Guns in the attic

Wesley’s mother was beautiful and his father was insane. His mother came to all of the King Low Heywood School  soccer games. Our coaches tried to hide the fact that they were looking at her, but they were all stealing glances whenever they thought the kids were not watching. She had a natural beauty which was unusual in those days. She used no makeup and never wore any sexy clothing, but somehow that only made her more beautiful. She had long auburn hair and a slim athletic build. She never seemed aware of the impact she had on the men around her. She was always wonderfully nice to everyone. She was so sweet that the other mothers, instead of being jealous of her looks loved being her friends.

Wesley’s father was an advertising executive in New York. He took the train in all the way from Royaton ever day, so that his family could live near the beach. His specialty was products aimed at kids like toys, cookies, candies and the like. He invented Nabisco’s “Cookie Man”. The fact that he was insane was probably a great help in his profession.

Wesley, his parents and his  brothers lived in a big barn of a house. Like many of the houses in Royaton it was freezing cold in the winter. The houses near the beach had all originally been built as summer homes. It never occurred to the builders that people would live there year-round. That’s why the houses had almost no insulation, and very minor heating systems.

I found out his father was insane when I spent one Saturday at Wesley’s house. I helped Wesley and his brother put the finishing touches on model airplanes they were building. There was a B-17 and a German fighter plane. They had done a wonderful job building them, with no glue splotches, and all of the decals perfectly straight. They had even put in miniature pilots.

When the last decal was on, the dad came in and said, “Well fellows, let’s try them out.” Wesley picked up the model planes and their father pulled down the stairs to the attic.

We all climbed up the stairs and I was amazed at what I saw. From the ceiling hanging on strings was a miniature air force. German and Allied model aircraft all of World War II vintage were suspended from stings hooked to the ceiling. There must have been forty or more model airplanes. They were positioned in such a way that it looked like a full scale air battle was going on.

But the strange part was the mattresses. There were hundreds of them in the attic. They covered every part of the floor and walls. They were three, four and in some places five mattresses deep.  Wesley and his brother bounced over the mattresses until they found the perfect spots to hang their new model airplanes from the ceiling. I thought we would be going back downstairs after that, but the dad lead us over to the far side of the room where a wooden workbench was set up.  He then opened a long box next to the bench and took out a .22 caliber rifle and proceeded to load it.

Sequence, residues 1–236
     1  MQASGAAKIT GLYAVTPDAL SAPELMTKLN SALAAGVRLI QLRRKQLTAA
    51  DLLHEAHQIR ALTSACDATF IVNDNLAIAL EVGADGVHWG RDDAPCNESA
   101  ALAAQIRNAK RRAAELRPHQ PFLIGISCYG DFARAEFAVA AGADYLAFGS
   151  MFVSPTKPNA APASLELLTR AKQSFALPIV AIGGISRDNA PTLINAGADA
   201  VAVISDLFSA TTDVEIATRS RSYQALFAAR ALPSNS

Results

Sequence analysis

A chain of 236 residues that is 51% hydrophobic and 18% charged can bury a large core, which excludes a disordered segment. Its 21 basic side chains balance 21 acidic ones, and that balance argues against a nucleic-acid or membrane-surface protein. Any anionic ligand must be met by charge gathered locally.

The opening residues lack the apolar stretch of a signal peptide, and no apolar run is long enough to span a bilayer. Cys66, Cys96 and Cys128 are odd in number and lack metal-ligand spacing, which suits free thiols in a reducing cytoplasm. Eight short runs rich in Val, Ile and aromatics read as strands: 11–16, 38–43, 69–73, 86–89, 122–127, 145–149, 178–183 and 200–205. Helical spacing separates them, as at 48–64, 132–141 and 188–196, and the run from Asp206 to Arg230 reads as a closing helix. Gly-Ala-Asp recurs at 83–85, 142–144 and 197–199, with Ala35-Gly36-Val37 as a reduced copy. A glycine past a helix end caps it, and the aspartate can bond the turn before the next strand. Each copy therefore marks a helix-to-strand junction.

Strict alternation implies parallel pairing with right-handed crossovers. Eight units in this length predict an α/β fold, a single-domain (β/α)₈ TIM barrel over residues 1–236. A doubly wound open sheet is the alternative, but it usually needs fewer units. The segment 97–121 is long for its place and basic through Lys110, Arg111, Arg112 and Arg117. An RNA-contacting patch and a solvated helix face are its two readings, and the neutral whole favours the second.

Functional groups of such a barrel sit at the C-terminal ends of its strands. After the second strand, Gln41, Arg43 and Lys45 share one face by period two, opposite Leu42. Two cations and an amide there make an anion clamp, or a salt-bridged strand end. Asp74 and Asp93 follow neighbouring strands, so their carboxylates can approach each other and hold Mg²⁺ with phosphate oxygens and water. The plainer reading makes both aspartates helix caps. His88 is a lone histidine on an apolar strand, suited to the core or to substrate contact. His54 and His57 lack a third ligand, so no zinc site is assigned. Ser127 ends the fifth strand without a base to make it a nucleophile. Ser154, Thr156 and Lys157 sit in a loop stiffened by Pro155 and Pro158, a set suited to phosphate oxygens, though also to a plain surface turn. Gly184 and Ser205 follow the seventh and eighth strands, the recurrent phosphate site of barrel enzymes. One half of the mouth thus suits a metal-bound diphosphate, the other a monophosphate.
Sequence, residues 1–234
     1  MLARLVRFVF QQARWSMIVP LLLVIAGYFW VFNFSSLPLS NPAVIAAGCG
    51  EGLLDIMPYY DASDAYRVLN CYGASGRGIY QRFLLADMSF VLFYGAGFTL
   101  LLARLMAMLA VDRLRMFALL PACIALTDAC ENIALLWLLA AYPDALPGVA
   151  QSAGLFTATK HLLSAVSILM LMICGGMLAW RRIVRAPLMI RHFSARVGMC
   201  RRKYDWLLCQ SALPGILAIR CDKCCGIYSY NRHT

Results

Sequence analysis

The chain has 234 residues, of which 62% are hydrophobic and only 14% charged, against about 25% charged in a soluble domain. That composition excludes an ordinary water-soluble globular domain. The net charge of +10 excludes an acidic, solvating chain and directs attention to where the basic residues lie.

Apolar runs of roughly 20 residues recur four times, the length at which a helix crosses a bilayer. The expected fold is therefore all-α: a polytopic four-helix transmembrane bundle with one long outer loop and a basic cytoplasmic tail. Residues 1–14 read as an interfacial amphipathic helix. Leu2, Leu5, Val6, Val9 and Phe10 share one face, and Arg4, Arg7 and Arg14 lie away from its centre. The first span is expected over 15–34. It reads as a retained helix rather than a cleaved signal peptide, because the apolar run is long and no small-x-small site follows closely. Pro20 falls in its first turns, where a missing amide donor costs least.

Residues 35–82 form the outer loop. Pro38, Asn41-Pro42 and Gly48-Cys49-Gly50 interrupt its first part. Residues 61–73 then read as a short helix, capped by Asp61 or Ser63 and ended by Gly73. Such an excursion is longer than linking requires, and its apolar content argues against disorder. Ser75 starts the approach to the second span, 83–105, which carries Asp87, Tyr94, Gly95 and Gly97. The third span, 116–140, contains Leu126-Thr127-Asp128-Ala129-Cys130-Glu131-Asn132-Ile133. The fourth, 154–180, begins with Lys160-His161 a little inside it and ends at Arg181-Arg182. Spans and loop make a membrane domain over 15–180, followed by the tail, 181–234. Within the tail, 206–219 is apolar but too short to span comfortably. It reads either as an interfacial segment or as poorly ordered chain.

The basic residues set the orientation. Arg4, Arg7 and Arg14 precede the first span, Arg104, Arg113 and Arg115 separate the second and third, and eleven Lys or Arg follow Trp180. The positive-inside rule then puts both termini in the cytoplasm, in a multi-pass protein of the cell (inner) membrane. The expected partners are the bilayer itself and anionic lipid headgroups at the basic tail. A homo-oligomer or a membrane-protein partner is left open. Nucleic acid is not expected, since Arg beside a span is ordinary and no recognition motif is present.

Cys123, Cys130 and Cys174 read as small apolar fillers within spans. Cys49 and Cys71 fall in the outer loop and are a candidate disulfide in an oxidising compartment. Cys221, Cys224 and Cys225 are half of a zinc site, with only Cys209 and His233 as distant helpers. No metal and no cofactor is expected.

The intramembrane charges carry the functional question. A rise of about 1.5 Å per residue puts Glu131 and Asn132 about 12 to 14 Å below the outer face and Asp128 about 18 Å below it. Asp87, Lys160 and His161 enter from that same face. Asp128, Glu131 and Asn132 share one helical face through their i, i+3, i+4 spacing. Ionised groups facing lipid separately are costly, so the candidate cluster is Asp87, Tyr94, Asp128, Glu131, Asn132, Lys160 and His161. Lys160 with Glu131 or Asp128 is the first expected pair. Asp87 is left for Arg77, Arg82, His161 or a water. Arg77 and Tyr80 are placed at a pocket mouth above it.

He placed the loaded rifle on the workbench and then handed each of us what he called “shooters’ safely glasses” and told us to put  them on. “Remember-safety first boys”, he said. I did not know much about rifles or shooting equipment, but I did know that what he handed us were swimmers’ goggles. We also got safety equipment for our ears. These were balls of cotton with strings attached to them.

We each got a turn with the rifle. The goal was simple. Try to shoot down the German fighter planes, without hitting any of the Allied bombers. As Wesley and his brother  took turns shooting, I was petrified. What if a bullet bounced off a rafter and came back to hit one of us? What if a bullet went through the mattresses in the floor and killed Wesley’s lovely mother who was in the kitchen making cookies for all of us?

Then they handed the rifle to me. I didn’t want to do it at first, but the three of them encouraged me. Turns out it’s a lot harder to hit a model airplane then it looks, especially when you are aiming through scratched swimmer’s goggles.

But it happened. A perfect shot. After several misses, I fired a  .22 caliber round which  blew to pieces a German fighter with a red swastika on its tail. The Allied bombers around the fighter were untouched. Everyone cheered. It was thrilling.

I never told my parents about what we did at Wesley’s that day. I knew my father would have gone berserk, and my mother would have made a lot of “concerned” phone calls which would have caused  trouble for everyone. Wesley’s whole family may have been crazy, but I liked them.

Wesley married and became an Episcopal priest.  He and his wife has also spent time in the Peace Corps in Africa. I recently got the very sad news that Wesley Wubbenhorst had passed away. I still find it hard to accept. His “joie de vivra” always made him more alive that anyone  else. I never really knew what became of his parents. I like to think they spent their golden years in a luxury retirement community where the old men secretly  glanced at Wesley’s mother, while Wesley’s father shot at model boats floating in the community pool.

 

 

 

 

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